Last week, House the Homeless talked about the Kids 4 Kids Sake! campaign, which involves raising the awareness of potential presidential candidates about what needs to be done about children experiencing homelessness, and why. The illustration on today’s page, created by the National Law Center on Homelessness & Poverty, is probably outdated. Currently, HomelessChildrenAmerica.org says one in 30 children are homeless in any given year.
A recommended resource on all aspects of homelessness is a “No Safe Place: Advocacy Manual,” a report prepared by the National Law Center on Homelessness & Poverty. Here are some facts from it:
- Family homelessness has been on the rise since the inception of the foreclosure crisis in 2007.
- The U.S. States Conference of Mayors found that family homelessness increased an average of 4% between 2012 and 2013 in its survey of 25 major American cities.
- In some areas of the country, the numbers are even higher.
- From 2011 to 2012, the number of unaccompanied children in shelter increased by 28%.
To rely on the numbers is misleading anyway. Counting people who have nowhere to live is a difficult job. In counting children and youth experiencing homelessness, problems come up.
There are two main types of kids — those attached to a single parent or a set of parents, and those who are on their own. In a way, the ones with parents are easier to count, through the school system, although with irregular attendance and frequent address changes they can be difficult to keep track of.
Minors are easier to count if the family stays in a shelter. One of the administrative problems in that field is deciding how long a family can remain. Some helpers believe that authorized stays need to be longer, to give families a better chance to get on their feet.
The choice is between a rock and a hard place: Help more families, short-term, and spit them back out into the world unprepared, so they will probably end up on the waiting list again; or help fewer families for longer periods until they really get solid ground under them.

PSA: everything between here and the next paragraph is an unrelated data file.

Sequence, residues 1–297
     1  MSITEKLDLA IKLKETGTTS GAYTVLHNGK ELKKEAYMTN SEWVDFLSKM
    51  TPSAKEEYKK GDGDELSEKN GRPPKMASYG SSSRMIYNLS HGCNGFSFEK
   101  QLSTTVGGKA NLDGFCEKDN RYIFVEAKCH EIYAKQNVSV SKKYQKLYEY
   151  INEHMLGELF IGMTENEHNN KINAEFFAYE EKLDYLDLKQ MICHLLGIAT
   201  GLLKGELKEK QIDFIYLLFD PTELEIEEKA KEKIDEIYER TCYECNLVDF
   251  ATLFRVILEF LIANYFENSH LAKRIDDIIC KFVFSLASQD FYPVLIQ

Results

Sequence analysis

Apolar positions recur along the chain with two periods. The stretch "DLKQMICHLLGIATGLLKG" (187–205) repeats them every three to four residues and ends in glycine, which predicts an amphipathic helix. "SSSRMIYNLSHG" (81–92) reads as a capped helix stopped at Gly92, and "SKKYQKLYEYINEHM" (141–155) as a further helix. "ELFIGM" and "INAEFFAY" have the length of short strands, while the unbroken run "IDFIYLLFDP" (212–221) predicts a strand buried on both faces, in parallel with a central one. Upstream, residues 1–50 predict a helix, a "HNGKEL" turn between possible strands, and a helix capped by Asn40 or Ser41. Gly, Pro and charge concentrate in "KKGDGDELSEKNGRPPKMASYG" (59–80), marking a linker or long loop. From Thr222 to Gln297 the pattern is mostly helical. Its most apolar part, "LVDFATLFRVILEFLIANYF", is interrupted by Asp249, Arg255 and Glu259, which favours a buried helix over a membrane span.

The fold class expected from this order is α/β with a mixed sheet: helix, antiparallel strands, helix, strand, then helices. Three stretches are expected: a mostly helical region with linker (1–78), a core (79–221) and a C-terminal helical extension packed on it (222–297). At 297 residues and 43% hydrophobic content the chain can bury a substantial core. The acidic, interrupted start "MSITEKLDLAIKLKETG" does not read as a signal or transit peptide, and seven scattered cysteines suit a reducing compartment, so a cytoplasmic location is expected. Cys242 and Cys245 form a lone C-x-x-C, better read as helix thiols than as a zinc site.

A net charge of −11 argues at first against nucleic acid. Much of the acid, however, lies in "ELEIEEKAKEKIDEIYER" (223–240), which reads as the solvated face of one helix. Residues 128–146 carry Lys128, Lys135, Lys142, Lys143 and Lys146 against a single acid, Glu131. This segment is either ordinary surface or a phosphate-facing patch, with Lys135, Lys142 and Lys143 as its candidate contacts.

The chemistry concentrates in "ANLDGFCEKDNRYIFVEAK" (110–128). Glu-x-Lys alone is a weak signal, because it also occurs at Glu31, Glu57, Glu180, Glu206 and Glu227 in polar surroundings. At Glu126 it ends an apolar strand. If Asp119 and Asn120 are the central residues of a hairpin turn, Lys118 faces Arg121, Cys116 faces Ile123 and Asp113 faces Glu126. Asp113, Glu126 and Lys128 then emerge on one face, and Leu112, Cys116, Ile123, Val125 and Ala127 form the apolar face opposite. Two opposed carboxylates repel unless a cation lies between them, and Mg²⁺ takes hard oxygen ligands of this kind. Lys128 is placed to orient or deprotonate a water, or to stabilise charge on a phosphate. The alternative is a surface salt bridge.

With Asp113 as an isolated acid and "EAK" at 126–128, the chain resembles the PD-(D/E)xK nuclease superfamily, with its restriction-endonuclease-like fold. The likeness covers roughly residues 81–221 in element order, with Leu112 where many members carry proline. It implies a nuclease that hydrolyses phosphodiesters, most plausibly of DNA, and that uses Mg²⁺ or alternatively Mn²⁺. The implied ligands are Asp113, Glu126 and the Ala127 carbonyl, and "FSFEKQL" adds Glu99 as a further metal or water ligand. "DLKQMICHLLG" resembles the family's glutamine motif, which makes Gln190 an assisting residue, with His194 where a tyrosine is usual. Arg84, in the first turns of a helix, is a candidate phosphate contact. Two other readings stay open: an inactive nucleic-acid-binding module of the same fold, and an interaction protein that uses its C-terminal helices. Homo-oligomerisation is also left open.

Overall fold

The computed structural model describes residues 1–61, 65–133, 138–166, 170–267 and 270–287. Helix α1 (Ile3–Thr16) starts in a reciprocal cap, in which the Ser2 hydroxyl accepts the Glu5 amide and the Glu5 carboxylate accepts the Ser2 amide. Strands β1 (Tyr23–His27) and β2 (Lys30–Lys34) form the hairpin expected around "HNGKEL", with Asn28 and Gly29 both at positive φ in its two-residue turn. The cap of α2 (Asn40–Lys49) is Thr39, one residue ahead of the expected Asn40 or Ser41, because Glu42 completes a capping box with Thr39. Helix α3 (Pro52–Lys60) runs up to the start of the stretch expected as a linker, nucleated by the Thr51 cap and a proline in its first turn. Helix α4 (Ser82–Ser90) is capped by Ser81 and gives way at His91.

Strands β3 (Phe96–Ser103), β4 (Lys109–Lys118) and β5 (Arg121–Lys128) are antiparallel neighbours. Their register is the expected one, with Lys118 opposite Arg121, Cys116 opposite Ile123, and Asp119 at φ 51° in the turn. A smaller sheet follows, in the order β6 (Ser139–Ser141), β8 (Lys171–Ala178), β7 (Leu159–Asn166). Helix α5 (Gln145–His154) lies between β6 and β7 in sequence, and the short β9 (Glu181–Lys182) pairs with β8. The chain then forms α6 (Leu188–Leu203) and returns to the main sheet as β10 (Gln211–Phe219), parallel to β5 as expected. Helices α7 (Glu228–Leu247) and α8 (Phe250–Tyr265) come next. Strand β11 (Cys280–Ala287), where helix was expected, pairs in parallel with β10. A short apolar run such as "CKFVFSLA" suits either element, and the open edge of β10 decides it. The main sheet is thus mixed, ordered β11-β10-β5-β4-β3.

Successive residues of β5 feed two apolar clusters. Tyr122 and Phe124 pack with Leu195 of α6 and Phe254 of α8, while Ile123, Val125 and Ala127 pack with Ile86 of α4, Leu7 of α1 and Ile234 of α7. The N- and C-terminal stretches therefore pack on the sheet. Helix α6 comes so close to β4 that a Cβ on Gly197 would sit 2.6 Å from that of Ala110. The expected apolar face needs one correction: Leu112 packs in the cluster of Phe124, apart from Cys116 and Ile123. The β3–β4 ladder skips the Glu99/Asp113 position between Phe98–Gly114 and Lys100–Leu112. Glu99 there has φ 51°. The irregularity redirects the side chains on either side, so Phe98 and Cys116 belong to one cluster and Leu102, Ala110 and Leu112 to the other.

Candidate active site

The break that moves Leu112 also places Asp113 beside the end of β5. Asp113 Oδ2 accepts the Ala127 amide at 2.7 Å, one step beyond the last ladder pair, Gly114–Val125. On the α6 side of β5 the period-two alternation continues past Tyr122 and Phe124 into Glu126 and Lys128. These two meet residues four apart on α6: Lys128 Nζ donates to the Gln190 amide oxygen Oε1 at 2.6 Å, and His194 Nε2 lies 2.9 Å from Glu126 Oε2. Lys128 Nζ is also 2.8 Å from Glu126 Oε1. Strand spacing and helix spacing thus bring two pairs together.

On the other hand, kids with parents might be harder to identify. Even if two adults and five children are inhabiting a one-car garage with no water or electricity, there may be reasons why a family does not want to be identified as homeless. Some bureaucracies will substitute the gentler word “displaced,” but changing the adjective doesn’t really help.
Older kids, called “unaccompanied,” are harder to count. Rather than officially entering the system by admitting that both parents are in jail, a teenager might prefer any kind of makeshift living arrangement. And she or he just might not bother with school. An accurate census is improbable. Also, different agencies, bureaucracies, and jurisdictions have different ways of defining homelessness.
Locating the lost
For Bridge Magazine, Pat Shellenbarger learned about the work done by Brenda Greenhoe, whose job (under a federal grant) is to find homeless kids and get them into school. Her beat includes four Michigan counties, comprising 2,400 square miles and more than 340,000 destitute kids living in some of the bleakest “poverty pockets” in any state. Overall, Michigan has more than 30,000 homeless students. In the 2013-14 school year, Greenhoe found 1,550 of them.
A couple of years back, Prof. Yvonne Vissing of Salem State College wrote a list titled “Being Ruthless for Homeless Children” that offered several suggestions for people who sincerely care about children. They included:
We must be ruthless against the everyday decisions that force parents to choose between which of their options are the least awful, instead of making decisions about which options are in the best interests of their children.
We must be ruthless against the policies and practices that force children to have no secure place to sleep and no where to call home.
Source: “No Safe Place: Advocacy Manual,” NLCHP.org, 2014
Source: “Along Michigan’s back roads, thousands of homeless children,” BridgeMi.com, 08/12/14
Image by National Law Center on Homelessness & Poverty